On Wednesday, when Dale Bracewell, Vancouver’s manager of Active Transportation, comes to speak at the Maritime Museum of the Atlantic, he will have some impressive numbers to share.
In May, Bracewell and his colleagues had the pleasure of reporting to their city council that the share of trips taken by sustainable modes in Vancouver had hit 50 per cent. That means on any given day, about half the trips people take involve walking, cycling, or transit.
It’s an impressive number, even more so because they achieved it five years ahead of schedule. Vancouver’s Transportation 2040 plan calls for walking, cycling, and transit to make up half of all trips by 2020. It’s fair to say they’ve got a pretty good head start on their next target: two-thirds sustainable modes by 2040.
So let’s compare those numbers to Halifax… Believe me, I’d like to, but I can’t. From the Halifax perspective, one of the most impressive things about Vancouver’s modal share numbers is that they exist at all.
In Halifax, we rely on Statistics Canada for our “modal share” data. Even before the Conservatives rendered the 2011 census nearly useless (the Trudeau government has since restored it), Statistics Canada journey to work data was a bit of a blunt instrument.
First of all, the question measures only one mode per person per year. So those of us who use multiple modes to get to work or change our modes seasonally are not accurately represented, but instead have to choose our allegiance to a single mode.
Secondly, Statistics Canada only measures how we get to work, leaving all other trips out of the equation.
But in Vancouver, says Bracewell, commuting only accounts for about one-third of all trips. So in addition to Statistics Canada journey to work data collected every four years or so, Vancouver benefits from trip diary data collected by its regional transportation authority, Translink. This kind of data gives a snapshot of travel habits over a 24-hour period, not only how people get to work, but how they get their groceries, how they get themselves to the movies, and how they make their way to a house party or a church social.
And recently the city of Vancouver has started collecting its own trip diary data, speaking to about 2,500 Vancouverites every year. With the new annual data, “there’s a more real time ability to measure and track our journeys and the progress toward the 2040 goals,” says Bracewell.
Halifax may finally be joining the ranks of cities with upgraded transportation data. According to chief planner Bob Bjerke, the city will take on a household travel survey this fall to get a better sense of actual travel patterns of citizens. “We’re doing some work now to see if it will work to partner with Dalhousie,” says Bjerke. “We’re trying to work to get a team together to do this in the best way possible.”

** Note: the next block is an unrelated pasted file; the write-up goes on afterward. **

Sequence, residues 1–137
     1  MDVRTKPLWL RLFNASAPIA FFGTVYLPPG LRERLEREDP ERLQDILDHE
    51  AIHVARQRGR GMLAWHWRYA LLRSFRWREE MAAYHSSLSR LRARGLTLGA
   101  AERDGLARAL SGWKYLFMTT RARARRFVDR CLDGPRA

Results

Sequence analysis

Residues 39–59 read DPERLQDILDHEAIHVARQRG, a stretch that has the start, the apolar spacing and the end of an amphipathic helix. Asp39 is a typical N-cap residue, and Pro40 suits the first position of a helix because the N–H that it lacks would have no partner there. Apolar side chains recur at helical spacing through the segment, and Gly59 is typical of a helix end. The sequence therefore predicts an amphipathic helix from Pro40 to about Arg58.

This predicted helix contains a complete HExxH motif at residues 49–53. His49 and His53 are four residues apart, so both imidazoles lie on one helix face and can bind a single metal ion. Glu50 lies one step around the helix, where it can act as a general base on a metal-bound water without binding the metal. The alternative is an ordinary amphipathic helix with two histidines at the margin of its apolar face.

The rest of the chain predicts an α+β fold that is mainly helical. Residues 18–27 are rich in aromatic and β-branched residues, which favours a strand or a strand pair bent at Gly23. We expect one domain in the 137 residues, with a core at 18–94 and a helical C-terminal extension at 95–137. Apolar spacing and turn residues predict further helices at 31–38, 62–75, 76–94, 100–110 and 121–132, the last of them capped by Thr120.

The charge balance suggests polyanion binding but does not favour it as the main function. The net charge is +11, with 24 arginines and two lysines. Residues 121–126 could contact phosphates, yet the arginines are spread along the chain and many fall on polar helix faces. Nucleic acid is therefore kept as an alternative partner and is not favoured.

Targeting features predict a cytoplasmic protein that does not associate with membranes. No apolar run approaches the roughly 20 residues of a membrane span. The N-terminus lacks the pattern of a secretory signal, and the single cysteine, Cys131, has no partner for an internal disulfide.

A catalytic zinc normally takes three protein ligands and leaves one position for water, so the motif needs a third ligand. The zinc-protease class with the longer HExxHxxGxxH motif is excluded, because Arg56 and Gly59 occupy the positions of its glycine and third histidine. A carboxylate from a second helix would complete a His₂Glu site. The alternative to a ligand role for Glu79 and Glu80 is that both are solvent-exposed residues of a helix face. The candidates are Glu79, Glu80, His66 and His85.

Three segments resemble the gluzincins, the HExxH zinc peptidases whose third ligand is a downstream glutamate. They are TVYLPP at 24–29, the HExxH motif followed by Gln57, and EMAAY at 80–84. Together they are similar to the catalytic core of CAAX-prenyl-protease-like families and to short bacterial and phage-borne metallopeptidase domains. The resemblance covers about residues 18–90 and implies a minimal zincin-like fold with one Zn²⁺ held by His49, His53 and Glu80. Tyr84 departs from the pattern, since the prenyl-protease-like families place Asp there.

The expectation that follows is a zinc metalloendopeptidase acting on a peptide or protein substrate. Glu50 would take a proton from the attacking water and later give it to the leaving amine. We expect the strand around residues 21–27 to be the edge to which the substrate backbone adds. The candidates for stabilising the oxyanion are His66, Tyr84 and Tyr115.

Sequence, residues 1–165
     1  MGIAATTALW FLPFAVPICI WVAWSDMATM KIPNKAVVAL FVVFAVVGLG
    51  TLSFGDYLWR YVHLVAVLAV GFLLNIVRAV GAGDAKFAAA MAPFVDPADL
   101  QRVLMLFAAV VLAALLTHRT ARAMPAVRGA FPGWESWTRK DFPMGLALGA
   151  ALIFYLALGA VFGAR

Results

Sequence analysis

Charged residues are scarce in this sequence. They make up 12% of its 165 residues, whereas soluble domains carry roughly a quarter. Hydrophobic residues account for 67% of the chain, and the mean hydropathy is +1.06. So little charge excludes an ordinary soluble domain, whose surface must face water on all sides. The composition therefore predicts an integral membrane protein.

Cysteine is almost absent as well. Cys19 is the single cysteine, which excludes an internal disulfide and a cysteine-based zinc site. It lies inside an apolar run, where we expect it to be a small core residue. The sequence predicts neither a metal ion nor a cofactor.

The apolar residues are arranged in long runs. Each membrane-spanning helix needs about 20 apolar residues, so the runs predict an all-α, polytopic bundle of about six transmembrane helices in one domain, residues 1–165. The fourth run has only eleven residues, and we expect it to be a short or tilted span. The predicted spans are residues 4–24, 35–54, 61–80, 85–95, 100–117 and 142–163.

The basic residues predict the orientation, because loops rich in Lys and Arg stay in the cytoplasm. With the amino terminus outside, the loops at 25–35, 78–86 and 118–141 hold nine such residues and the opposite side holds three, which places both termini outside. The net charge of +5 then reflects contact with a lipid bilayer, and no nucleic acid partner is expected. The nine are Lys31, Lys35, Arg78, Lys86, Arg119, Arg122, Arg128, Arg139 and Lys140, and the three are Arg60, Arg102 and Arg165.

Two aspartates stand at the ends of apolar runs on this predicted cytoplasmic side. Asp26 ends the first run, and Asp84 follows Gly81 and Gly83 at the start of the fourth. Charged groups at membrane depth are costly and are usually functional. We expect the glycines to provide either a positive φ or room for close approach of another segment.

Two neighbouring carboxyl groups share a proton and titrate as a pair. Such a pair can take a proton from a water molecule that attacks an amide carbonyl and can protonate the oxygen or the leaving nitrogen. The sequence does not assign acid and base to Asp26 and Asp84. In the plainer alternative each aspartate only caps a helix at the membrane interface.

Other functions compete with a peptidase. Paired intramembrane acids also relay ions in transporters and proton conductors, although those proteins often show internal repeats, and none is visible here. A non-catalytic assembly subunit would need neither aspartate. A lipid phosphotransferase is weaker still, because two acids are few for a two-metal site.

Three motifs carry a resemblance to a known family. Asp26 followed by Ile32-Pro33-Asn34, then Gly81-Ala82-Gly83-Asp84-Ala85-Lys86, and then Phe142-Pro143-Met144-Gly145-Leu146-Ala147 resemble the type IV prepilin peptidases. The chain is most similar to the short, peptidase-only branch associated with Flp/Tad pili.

Of course, there’s more to Vancouver’s recent modal shift than good data collection. The city has had an integrated mobility plan in place since 1997, with a hierarchy of modes that put pedestrians at the top and single-occupancy vehicles at the bottom. Their most recent plan, passed in 2012, introduced Vision Zero — the goal of reaching zero fatalities from street collisions.
The focus on safety has led to things like protected intersections, completely separating pedestrians and cyclists from car traffic right where most collisions occur. It’s no wonder they’ve seen such significant growth in walking and cycling.
For those who think Halifax can’t learn from the likes of Vancouver (it is, after all, a radically different place in geography, politics, and population), Bracewell points out that Vancouver didn’t start with blank slate. “We didn’t invent a lot of the things that make up Transportation 2040,” says Bracewell.
“Looking at some of the things that they do in Europe or New York City or Boston or Portland, that’s absolutely important for us to know what we want to and should do in Vancouver.”
“Halifax has a lot to learn from Vancouver and other cities,” says Bracewell, “but you still depend on your local staff, local stakeholders, local council to make the decisions and choices in relation to the challenges and context that you have.”
Dale Bracewell will be speaking at the Maritime Museum of the Atlantic on Wednesday at 6:30pm, followed by a panel discussion featuring Brendan Maguire, Bob Bjerke, and Gaynor Watson-Creed. The event is hosted by the Halifax Cycling Coalition, Planning and Design Centre, Walk and Roll Halifax and the city of Halifax.